The Anglican congregation, founded in 1707, moved to this site in 1734, occupying one of two public squares set aside for places of worship in the Dover town plan of 1717. “The walls are finished,” a missionary reported in 1734, but the remainder of construction dragged on for years, and as late as 1750, the brick building resembled “a refuge for wild beasts.” The door was originally in the middle of the south facade, which has glazed Flemish-bond brickwork with a chamfered watertable, in contrast to the plainer north side with its English bond. From the west end projected a vestry room, skillfully transformed into an entry porch in the early twentieth century. When the congregation dwindled to four communicants by 1834, the church was going to “ruin and waste,” but Ann Ridgely and her husband Charles I. du Pont (see Breck's Mill, CH19) saw to its reopening shortly before the Civil War. Renovations were carried out with funds from the sale of the ancient glebe lands (agricultural properties that provided income for the local Anglican church). Cast-iron lotus leaf posts holding up the balcony date to this restoration. There have been many subsequent changes, including renovations that began in July 1913 under Thompson, a Philadelphia architect who had worked for Wilson Eyre in 1911–1917; years later he would design several Episcopal churches and associated buildings in Delaware (CH16, LN16).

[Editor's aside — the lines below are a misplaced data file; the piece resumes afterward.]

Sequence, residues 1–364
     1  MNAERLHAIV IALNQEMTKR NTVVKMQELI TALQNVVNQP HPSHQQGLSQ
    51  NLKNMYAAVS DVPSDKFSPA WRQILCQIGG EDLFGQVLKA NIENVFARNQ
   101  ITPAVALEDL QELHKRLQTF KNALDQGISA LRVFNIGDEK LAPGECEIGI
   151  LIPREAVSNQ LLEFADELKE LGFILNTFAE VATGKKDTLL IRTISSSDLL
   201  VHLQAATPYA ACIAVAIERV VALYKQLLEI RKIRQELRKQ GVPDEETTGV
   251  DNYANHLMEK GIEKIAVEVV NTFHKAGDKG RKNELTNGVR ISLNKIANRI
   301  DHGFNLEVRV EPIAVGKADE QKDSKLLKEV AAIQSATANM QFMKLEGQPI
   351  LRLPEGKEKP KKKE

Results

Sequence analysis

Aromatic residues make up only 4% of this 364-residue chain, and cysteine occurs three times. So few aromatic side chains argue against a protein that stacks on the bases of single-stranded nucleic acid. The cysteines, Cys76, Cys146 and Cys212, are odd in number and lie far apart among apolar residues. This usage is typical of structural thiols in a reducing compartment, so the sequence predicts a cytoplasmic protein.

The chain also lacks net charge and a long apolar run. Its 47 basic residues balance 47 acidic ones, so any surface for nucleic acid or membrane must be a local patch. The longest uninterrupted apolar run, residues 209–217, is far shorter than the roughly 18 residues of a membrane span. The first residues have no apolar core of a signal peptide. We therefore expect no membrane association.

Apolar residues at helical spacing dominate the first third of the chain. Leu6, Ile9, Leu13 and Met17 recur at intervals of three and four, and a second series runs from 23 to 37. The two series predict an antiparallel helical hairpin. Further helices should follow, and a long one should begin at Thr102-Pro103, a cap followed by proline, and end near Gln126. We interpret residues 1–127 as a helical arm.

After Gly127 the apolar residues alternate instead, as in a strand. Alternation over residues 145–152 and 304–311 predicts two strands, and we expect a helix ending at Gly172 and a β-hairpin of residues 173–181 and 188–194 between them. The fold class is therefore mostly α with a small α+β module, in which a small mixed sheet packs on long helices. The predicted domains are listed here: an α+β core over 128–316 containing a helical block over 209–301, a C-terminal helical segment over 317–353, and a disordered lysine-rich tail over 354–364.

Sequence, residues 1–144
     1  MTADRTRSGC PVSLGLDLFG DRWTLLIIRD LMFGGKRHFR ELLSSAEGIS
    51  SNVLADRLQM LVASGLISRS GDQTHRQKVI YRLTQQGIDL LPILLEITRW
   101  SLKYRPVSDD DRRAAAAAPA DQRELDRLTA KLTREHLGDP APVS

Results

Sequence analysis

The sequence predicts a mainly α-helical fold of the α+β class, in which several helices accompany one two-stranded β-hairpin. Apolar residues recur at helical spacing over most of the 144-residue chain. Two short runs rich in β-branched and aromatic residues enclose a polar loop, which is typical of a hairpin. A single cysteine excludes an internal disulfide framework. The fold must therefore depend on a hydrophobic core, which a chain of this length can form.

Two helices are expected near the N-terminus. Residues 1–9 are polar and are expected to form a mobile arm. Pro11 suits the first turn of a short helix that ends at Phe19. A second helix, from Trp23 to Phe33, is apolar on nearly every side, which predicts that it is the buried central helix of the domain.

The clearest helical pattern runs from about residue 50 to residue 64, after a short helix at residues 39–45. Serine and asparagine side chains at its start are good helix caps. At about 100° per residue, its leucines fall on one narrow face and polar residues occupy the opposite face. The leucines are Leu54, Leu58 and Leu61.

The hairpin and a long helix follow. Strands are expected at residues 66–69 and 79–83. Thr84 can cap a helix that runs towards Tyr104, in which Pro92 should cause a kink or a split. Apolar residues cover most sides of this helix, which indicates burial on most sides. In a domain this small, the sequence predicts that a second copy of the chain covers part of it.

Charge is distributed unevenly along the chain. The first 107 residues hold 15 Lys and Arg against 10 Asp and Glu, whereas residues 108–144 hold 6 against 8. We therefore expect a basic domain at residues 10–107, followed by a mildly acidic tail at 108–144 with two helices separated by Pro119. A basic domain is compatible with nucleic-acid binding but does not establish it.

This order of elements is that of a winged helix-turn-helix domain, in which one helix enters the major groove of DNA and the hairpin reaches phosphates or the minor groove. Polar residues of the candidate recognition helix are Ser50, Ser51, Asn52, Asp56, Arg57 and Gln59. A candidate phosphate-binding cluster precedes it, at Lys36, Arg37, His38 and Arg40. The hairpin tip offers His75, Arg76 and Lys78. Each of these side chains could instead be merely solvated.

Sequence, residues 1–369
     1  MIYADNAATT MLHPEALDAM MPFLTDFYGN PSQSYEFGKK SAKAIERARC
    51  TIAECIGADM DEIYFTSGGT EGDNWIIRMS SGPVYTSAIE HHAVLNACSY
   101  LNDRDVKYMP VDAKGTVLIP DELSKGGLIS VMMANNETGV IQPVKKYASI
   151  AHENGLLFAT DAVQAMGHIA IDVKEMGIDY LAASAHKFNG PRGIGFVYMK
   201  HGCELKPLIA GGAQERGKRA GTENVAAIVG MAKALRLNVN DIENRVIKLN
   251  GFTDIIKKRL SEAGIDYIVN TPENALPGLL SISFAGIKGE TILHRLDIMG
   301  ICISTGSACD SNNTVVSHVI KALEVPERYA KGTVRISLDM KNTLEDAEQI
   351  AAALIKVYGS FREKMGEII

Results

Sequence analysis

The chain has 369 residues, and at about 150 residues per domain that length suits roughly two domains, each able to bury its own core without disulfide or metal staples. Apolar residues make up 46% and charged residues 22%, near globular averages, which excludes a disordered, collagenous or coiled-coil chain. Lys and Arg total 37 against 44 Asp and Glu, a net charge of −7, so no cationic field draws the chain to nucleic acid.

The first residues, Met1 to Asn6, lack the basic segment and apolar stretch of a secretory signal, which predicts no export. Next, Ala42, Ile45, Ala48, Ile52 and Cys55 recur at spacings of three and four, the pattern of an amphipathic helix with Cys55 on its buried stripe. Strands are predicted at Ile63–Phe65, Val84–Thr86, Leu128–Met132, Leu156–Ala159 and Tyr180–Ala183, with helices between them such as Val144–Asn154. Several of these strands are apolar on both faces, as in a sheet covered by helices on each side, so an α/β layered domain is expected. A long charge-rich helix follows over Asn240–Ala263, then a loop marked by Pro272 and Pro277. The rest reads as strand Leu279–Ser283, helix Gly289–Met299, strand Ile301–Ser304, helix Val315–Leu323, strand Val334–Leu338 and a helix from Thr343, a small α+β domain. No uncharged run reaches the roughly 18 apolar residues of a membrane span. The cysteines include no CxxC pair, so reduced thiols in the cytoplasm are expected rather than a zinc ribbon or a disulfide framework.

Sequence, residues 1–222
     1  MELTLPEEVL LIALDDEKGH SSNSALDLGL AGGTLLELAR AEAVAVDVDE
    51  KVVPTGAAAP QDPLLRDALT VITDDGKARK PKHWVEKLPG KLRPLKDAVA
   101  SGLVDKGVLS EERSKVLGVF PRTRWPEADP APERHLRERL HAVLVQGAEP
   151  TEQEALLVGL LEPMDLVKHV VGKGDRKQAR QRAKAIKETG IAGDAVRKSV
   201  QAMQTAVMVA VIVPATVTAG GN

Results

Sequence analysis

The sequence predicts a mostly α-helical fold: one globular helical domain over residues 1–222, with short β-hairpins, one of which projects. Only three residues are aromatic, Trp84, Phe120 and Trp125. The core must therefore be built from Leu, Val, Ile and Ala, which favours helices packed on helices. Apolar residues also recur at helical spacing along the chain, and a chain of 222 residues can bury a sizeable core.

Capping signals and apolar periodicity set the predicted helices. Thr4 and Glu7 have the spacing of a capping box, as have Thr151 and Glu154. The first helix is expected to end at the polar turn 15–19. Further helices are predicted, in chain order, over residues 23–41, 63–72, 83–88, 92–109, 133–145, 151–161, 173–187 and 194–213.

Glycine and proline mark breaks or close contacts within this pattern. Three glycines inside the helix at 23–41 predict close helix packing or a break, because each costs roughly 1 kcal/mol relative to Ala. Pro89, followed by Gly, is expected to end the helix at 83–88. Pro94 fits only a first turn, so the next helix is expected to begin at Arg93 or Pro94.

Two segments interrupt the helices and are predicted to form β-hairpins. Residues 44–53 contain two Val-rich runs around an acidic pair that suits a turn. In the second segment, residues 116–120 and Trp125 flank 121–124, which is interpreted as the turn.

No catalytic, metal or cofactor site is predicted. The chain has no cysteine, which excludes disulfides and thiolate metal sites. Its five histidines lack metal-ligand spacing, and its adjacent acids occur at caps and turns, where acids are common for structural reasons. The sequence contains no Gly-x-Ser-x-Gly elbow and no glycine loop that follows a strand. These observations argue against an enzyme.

The interior is painted in a cream color and is illuminated by dormer windows. A fine stained-glass window behind the altar has a strongly colored design of the 1870s. The surprisingly modernistic window high on the west wall (1929, James H. Hogan) was imported from White Friars Glass Works of James Powell and Sons, England; Senator Willard Saulsbury bequeathed four windows to Delaware churches, the others being Trinity, Wilmington (WL47); St. John's, Milton; and St. Paul's, Georgetown (ES4). Hogan visited Delaware in September 1928 to see the churches and plan the designs. The Dover window is opaque in order to hide the belfry just outside, which perches atop the west porch.